This was also the oldest pair of starters in a Red Sox game since Sept. 25, 1965, when Bill Monbouquette faced Satchel Paige of the then-Kansas City A's. The age of those two totaled 88 years and 126 days. But that total was slightly skewed, since Monbouquette was 29 and Paige was 59. Paige's advanced age did not stop him from throwing three innings of shutout, one-hit ball.

Wakefield may be able to go on with his knuckleball for some time. He has pitched for the Red Sox since 1995, he was a 17-game winner in 2007 and he has become the closest thing to a constant this operation has, with the exception of Fenway Park itself.

Johnson is a different question. He is a living legend, the Big Unit, a certain Hall of Famer, an absolutely dominant pitcher between the ages of 30 and 40, winner of four straight Cy Young Awards beginning at age 35. The encouraging thing for him in Wednesday night's performance was that he was sharper from the third inning on, although his pitch count (109) did not allow him to go farther than the sixth.

"Location got better as the game progressed," Johnson said. "I gave up a lot of hits [eight], but I was able to get out of any inning that might have been big."

On the topic of facing Wakefield, Johnson smiled slightly when he said, "I faced Wake a few times when I was with the Yankees, beat him 1-0, so I guess what goes around comes around."

Johnson's fastball reached 94 mph in this game. This is obviously not what it once was, but his overall performance looked better than his season numbers (4-6, 4.94 ERA) would suggest. Though he may not be the dominant Big Unit of years gone by, he is still clearly a highly competitive pitcher.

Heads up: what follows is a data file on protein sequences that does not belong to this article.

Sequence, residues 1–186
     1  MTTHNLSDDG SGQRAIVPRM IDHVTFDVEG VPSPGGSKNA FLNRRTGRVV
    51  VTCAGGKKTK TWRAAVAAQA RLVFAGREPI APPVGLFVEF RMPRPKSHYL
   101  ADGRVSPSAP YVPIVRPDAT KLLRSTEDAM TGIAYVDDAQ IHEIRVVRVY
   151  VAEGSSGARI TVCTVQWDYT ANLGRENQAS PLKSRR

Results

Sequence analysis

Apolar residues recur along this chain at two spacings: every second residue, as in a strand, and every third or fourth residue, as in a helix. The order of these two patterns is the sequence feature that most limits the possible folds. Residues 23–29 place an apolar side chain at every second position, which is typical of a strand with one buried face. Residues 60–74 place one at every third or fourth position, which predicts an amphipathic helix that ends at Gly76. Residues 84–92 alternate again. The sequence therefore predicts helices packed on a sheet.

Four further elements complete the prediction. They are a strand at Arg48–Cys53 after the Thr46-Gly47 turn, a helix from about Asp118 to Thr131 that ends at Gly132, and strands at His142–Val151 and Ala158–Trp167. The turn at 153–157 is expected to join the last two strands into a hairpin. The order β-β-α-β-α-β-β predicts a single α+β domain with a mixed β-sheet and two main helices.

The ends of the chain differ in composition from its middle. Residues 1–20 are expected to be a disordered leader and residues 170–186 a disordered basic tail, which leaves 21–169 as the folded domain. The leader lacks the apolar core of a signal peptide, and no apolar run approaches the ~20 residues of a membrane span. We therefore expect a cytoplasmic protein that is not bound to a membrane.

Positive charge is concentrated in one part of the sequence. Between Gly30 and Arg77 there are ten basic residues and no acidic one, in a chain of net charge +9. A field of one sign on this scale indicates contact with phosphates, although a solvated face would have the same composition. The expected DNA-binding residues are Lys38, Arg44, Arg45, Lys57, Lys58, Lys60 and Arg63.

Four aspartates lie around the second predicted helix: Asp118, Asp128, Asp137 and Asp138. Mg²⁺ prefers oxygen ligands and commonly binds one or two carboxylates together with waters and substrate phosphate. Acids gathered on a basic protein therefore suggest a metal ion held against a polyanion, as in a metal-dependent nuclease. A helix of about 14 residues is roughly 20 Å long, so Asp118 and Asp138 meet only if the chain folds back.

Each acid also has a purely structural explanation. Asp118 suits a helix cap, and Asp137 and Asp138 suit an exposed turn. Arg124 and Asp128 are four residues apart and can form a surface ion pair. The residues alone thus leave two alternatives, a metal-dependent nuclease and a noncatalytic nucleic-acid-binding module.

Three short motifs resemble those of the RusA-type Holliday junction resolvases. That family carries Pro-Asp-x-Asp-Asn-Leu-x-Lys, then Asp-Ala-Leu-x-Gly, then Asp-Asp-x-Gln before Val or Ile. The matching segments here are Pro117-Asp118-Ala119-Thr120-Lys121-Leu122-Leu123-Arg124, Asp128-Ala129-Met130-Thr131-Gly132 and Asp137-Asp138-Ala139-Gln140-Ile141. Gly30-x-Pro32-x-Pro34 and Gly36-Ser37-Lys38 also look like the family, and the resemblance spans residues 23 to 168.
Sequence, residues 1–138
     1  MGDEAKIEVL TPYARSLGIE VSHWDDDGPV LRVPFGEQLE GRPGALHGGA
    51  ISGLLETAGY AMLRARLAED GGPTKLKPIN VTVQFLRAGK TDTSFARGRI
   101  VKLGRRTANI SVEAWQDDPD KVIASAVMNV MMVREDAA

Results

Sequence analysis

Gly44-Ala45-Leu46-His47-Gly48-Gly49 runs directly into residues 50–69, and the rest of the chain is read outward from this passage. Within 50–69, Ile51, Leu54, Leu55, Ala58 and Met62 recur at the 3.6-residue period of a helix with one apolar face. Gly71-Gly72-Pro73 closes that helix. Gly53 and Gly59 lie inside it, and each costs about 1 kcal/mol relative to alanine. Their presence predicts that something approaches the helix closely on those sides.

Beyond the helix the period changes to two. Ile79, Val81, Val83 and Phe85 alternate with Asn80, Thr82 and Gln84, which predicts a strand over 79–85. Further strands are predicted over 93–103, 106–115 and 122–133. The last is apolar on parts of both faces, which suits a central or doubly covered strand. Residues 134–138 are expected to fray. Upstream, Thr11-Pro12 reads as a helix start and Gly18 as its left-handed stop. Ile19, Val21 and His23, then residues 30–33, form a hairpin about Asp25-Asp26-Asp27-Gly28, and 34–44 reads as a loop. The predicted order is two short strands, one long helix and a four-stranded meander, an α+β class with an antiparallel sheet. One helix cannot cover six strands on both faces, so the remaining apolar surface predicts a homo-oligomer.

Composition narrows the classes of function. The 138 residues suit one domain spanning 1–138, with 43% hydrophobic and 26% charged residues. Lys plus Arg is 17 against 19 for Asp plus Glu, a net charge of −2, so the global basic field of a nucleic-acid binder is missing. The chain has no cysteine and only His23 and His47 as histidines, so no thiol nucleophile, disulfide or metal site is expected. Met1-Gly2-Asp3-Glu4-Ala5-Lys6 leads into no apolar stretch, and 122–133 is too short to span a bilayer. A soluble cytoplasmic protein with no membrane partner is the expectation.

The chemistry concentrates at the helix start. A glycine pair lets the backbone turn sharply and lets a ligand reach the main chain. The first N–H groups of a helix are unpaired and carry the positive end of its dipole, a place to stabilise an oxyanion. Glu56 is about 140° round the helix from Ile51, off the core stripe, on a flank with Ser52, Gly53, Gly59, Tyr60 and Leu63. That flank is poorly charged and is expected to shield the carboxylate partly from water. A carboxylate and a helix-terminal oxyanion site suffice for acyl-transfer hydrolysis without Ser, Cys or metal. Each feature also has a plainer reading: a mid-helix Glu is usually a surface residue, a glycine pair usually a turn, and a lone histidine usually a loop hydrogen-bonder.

Diamondbacks manager Bob Melvin was Arizona's bench coach in 2001-02, when Johnson was at his peak. He was asked for a comparison, Randy Johnson then to now.

"The velocity is not quite there, but the sharpness of the slider is there, the command of it is good," Melvin said. "He's still a power pitcher. He pitches like a power pitcher. He has incorporated some other pitches -- throws a few more two-seamers and some more splits. He still throws the slider to both spots, and he still is effective when he pitches inside. So he's just added a few more pitches to complement his repertoire, but the velocity isn't in the 96, 98 range like it used to be.

"When he has struggled, for the most part, it's been one inning. And our defense has let him down some, too. There was a four- or five-game stretch, similar to what we saw last year, when he was pretty dominant but we didn't give him much support.

"Anybody who gets a little farther up there [in age] is going to have to do some things a little differently. But his mind-set is still the same. He still expects to go out there and compete at a high level and expects to win games."

That's the basic commodity that time has not dimmed with either of these pitchers. Yes, there were more than 86 years of age for the two starting pitchers on Wednesday night. But for 13 innings of combined work, they gave up two runs.

Give Tim Wakefield the victory and the credit for pitching an absolute gem. Give Randy Johnson credit for keeping his team in the game against one of the best offenses in baseball. But mostly, give both of them credit for being this good, this long.

Mike Bauman is a national columnist for MLB.com. This story was not subject to the approval of Major League Baseball or its clubs.